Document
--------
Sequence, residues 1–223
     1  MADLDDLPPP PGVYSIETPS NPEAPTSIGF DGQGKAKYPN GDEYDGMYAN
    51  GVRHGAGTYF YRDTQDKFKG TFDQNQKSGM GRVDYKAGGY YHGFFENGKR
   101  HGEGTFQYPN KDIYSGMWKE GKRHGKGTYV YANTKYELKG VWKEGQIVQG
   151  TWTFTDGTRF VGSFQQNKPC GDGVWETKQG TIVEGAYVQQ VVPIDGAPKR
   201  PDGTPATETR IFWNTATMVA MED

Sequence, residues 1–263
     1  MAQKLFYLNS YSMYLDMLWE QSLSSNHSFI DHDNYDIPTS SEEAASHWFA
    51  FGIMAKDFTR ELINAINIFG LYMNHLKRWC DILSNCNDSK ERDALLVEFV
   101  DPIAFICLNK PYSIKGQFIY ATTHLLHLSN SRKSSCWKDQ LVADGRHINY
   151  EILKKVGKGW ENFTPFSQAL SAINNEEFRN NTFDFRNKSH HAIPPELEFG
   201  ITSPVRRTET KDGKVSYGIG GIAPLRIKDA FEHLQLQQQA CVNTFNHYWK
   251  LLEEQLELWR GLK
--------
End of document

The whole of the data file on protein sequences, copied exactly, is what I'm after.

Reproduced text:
Sequence, residues 1–223
     1  MADLDDLPPP PGVYSIETPS NPEAPTSIGF DGQGKAKYPN GDEYDGMYAN
    51  GVRHGAGTYF YRDTQDKFKG TFDQNQKSGM GRVDYKAGGY YHGFFENGKR
   101  HGEGTFQYPN KDIYSGMWKE GKRHGKGTYV YANTKYELKG VWKEGQIVQG
   151  TWTFTDGTRF VGSFQQNKPC GDGVWETKQG TIVEGAYVQQ VVPIDGAPKR
   201  PDGTPATETR IFWNTATMVA MED

Sequence, residues 1–263
     1  MAQKLFYLNS YSMYLDMLWE QSLSSNHSFI DHDNYDIPTS SEEAASHWFA
    51  FGIMAKDFTR ELINAINIFG LYMNHLKRWC DILSNCNDSK ERDALLVEFV
   101  DPIAFICLNK PYSIKGQFIY ATTHLLHLSN SRKSSCWKDQ LVADGRHINY
   151  EILKKVGKGW ENFTPFSQAL SAINNEEFRN NTFDFRNKSH HAIPPELEFG
   201  ITSPVRRTET KDGKVSYGIG GIAPLRIKDA FEHLQLQQQA CVNTFNHYWK
   251  LLEEQLELWR GLK